The Myth of Norse Discontinuity

2023-05-29 — Updated: 2024-03-02

First, a note on the term “pagan”: This is what most people seem to use when describing people who believe in Norse mythology. To me they are just the stories, because I’m surrounded by them. I’m a fish in water. However, I see the need for labeling it. “Norse mythology” is simple and descriptive enough to make sense, so that’s what I’ll default to.

If you read or listen to Americans on this subject you will often hear them say that Paganism, or northern mythology, or Asatru or whatever they may choose to call it, died a long time ago, and has long been replaced by Christianity. Therefore, anyone still telling stories of the same variety, or people calibrating their moral compass from these stories are simply LARPing being vikings. That they are playing pretend based on what they’ve seen in TV-shows or heard from YouTube-gurus, because they have no connection to the old Norse culture. While this is likely true for a lot of non-European pagans (which I find to be immensely cringe examples of true bugmanism), it’s a very different thing for me, an actual Norwegian.1

The mistake

These Americans tend to have this view that the populus equals what the books say. That he books say that around year 1000-ish Norway became Christian, and therefore the people must all be Jesus-lovers from that point on. That in the religion field of the Excel spreadsheet, Paganism was deleted, and Christianity was pasted in its place. And that, randomly, a thousand years later, a bunch of LARP’ers decided to pretend to be living in year 900, without having any actual connection to it.

Sure, if you were to look at a list of countries and their religions in the 1300s, you would see Norway listed as a Roman catholic country. However go to rural Norway, and all the stories you hear are of the kind descendant of the world before Christianity pretended to be “the religion that people in Norway believe”. Stories of trolls, elves, and gnomes.2

We have mountains named things like Jotunheim. A jotun, for those that don’t know, is a sort of god-giant from Norse mythology. The first creatures of the world, and the opposition of the Æsir.

“Til valhall!” is a war-cry used in the Norwegian army, especially in the Telemark Battalion.

Reading the inscriptions on old rune staves, you will find classic insults towards cheaters, gays and fat people that have survived to this day. My favorite being “deigræv”, an insult calling someone fat, that translates to dough-ass.

Our streets bear viking names, our cities bear names of the Æsir (I live right by Heimdal) and are adorned with statues of jarls, which also feature on our coats of arms.

Our weekdays include Tirsdag (Týr’s day), Onsdag (Odin’s day), Torsdag (Thor’s day), Fredag (Frigg’s day), which are all Æsir.

Despite the explicit religious practices having faded, we are still extremely noticeably descended from the Old Norse heritage and culture.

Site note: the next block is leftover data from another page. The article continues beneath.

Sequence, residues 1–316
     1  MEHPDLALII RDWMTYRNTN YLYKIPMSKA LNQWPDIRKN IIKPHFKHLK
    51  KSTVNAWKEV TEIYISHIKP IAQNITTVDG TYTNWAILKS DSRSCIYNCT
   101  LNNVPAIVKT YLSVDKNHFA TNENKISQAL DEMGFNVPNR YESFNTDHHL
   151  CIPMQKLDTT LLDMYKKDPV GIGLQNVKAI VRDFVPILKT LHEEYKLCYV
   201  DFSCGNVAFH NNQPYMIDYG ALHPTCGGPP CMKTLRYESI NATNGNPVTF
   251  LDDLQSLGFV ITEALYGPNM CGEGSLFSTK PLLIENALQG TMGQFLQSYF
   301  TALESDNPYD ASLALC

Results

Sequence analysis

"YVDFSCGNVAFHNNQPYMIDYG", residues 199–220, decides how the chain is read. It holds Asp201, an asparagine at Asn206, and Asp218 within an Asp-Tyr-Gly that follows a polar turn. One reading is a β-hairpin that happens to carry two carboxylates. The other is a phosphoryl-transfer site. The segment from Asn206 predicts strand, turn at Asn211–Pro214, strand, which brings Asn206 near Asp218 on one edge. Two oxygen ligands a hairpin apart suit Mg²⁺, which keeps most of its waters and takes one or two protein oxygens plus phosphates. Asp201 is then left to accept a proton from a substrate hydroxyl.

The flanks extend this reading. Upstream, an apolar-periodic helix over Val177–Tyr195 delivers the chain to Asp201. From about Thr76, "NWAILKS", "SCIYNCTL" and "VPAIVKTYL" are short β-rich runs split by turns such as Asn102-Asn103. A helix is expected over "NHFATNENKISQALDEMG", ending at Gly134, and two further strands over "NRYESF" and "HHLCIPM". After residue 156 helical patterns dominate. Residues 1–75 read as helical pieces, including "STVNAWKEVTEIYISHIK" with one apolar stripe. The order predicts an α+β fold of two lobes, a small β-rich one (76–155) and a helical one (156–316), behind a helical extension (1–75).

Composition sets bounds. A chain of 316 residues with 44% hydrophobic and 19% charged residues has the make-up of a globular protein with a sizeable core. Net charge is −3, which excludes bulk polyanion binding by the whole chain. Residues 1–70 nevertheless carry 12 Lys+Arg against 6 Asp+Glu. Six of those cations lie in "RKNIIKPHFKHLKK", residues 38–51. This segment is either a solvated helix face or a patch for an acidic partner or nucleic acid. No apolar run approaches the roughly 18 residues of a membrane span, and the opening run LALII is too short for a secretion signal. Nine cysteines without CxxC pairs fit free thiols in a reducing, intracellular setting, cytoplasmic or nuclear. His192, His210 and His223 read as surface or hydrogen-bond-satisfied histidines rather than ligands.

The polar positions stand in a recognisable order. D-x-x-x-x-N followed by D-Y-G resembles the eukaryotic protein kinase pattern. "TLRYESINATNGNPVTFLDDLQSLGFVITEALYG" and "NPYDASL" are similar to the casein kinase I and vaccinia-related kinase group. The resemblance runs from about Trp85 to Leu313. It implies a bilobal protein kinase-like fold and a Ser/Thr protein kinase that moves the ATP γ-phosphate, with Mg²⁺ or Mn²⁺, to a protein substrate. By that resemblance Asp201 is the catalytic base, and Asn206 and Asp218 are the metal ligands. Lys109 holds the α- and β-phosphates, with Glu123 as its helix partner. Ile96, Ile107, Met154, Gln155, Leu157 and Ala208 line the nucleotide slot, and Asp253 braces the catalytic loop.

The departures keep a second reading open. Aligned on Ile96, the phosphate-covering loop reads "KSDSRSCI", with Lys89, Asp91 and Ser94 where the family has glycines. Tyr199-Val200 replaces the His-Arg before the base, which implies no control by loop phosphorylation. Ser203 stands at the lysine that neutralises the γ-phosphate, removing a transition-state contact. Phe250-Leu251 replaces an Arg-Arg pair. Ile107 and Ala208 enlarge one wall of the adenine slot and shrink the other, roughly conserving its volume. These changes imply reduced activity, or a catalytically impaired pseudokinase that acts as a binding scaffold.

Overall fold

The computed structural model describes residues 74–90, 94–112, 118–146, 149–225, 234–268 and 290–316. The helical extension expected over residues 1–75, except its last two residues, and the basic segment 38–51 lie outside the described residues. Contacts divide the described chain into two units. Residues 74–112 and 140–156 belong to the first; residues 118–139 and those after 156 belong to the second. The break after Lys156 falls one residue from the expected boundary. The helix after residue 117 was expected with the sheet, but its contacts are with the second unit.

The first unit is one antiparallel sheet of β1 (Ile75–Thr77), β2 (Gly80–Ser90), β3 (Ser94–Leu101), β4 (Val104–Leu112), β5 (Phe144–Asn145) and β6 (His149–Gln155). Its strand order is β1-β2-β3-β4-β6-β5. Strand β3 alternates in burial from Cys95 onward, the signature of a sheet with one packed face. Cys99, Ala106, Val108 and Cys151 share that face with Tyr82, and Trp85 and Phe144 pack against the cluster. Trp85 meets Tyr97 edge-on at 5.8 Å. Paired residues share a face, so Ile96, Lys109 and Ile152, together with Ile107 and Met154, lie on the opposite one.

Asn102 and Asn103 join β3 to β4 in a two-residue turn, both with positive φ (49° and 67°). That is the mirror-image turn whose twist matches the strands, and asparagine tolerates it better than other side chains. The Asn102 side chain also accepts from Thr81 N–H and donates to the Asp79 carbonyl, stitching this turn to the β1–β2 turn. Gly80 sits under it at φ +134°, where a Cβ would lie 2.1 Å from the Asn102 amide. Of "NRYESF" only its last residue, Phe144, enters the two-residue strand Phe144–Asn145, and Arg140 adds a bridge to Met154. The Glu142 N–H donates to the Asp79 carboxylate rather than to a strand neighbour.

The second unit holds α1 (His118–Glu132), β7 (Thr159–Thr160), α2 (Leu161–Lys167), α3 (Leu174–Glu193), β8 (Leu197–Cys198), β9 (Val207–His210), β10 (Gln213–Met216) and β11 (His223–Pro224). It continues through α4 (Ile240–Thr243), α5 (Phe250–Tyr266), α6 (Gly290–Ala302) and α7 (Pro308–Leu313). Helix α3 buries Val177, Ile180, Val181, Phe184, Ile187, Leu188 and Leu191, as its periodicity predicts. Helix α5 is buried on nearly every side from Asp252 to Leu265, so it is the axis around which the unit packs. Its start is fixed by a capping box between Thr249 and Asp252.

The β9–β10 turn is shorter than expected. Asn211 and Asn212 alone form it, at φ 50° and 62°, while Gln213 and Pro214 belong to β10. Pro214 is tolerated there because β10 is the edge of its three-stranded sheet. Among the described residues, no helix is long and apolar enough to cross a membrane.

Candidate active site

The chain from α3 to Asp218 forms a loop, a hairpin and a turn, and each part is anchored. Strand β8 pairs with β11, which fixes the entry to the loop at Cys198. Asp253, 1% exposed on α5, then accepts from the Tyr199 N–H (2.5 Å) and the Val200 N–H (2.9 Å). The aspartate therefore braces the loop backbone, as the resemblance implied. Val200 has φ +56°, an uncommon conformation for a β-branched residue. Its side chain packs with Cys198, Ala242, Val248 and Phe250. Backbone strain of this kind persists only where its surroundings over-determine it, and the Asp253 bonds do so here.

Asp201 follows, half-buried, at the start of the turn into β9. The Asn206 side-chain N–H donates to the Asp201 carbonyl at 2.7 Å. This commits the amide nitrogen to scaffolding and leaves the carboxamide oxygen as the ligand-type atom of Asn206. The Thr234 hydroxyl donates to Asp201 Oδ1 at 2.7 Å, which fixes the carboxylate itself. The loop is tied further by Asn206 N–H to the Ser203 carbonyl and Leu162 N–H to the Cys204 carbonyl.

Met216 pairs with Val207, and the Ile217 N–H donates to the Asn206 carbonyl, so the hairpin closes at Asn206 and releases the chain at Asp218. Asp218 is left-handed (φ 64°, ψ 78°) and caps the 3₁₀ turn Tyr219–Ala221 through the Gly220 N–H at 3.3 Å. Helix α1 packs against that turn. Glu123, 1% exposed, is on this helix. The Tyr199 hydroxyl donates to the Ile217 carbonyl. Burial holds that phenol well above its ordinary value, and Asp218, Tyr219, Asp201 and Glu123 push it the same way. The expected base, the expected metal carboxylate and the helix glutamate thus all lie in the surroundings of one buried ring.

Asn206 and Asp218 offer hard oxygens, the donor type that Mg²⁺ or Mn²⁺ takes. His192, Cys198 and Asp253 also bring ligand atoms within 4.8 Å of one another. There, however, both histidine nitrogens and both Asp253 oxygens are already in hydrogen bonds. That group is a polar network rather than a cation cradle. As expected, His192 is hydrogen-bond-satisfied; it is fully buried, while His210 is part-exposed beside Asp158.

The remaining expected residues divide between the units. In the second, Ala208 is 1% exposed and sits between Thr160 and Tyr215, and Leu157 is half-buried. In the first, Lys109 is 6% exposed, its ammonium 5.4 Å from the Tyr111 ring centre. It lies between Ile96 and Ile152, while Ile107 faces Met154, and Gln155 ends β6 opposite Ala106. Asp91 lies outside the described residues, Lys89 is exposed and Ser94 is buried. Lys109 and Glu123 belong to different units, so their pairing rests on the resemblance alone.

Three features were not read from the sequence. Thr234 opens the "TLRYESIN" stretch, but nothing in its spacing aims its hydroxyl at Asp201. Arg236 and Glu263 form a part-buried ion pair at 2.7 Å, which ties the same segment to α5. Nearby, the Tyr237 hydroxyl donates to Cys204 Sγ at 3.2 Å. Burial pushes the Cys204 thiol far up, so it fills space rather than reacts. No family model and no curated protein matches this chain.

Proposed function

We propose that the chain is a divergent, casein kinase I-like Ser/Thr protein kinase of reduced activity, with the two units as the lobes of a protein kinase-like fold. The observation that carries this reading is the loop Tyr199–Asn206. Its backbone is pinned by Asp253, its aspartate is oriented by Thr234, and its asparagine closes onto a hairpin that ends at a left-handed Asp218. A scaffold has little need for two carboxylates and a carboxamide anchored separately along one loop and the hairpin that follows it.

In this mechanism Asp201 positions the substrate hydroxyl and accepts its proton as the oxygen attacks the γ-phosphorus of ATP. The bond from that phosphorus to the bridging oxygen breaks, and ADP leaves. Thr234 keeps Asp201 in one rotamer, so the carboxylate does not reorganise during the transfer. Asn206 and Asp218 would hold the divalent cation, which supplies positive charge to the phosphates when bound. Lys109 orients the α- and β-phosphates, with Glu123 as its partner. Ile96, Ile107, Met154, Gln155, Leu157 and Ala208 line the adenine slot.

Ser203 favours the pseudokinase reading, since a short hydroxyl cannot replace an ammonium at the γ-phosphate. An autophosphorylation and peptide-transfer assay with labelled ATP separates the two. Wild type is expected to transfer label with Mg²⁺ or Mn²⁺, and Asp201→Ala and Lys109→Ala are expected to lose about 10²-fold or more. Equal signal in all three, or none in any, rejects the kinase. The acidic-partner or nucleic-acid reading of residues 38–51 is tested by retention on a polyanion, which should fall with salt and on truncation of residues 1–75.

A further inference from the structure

I liken this to the thing that happened when the Norwegian state decided that the correct way to pronounce numbers is from left to right. 34 is to be said as “thirty-four” (trettifire). Most pronounced it as “four-and-thirty” (firogtredve). It’s been decades since they imposed this, and if you only consume official government media, or only talk to people who live in big cities, you would think everyone changed over. However, many people still say “four-and-thirty”, especially in rural areas.

Imperfect continuity

None of this is to say that we have a perfect surviving verbal tradition of Norse mythology. For instance, we have had hundreds of years where practicing anything other than Lutheran orthodoxy was strictly prohibited. Therefore, much of the most overtly “religious-sounding” parts of Norse mythology have faded. You won’t find anyone in rural Norway that believes in the Æsir and commits blot because their family has done that for 40 generations.

However, enough of the culture has survived that deciding to stick more to the Norse tradition rather than Christianity, for a Norwegian, is very far from the act of sheer bugmanism that it is often made to sound like. It’s not like a Swede suddenly deciding he’s a Buddhist after reading the Wikipedia page and listening to some Alan Watts.

We have a real connection to the culture. That connection may not give grounds for committing blot as some would like to pretend, but it is definitely stronger than others think. And now that Christianity is watered down to mean nothing here in Norway, our ties to actual Christianity are no better than our ties to our own mythology.

  1. Of course there are movements and groups in Norway too that are cringe imitations of what they imagine the viking ages were like. Åsatrufellesskapet Bifrost is an officially recognized religious society in Norway that mixes together “current nature-religions” and “neo-heathen experience” to basically make itself whatever you want it to be. This is just a bunch of nerds pretending to be spiritual while painting themselves with cool viking branding, rather than any serious religious belief. As evidenced by their softie version of blot (ritual sacrifice), where they dress up like they’re going to a fair, yet they never seem to kill anything, nor spread any blood. Instead, sacrificing teddy bears, poems and groceries. ↩︎

  2. Americans and reconstructionists tend to only emphasize the role of the Æsir and Vanir, ignoring how most people’s stories of mythical nature were about fellow Midgard creatures like trolls, elves, gnomes, fairies and vetter. ↩︎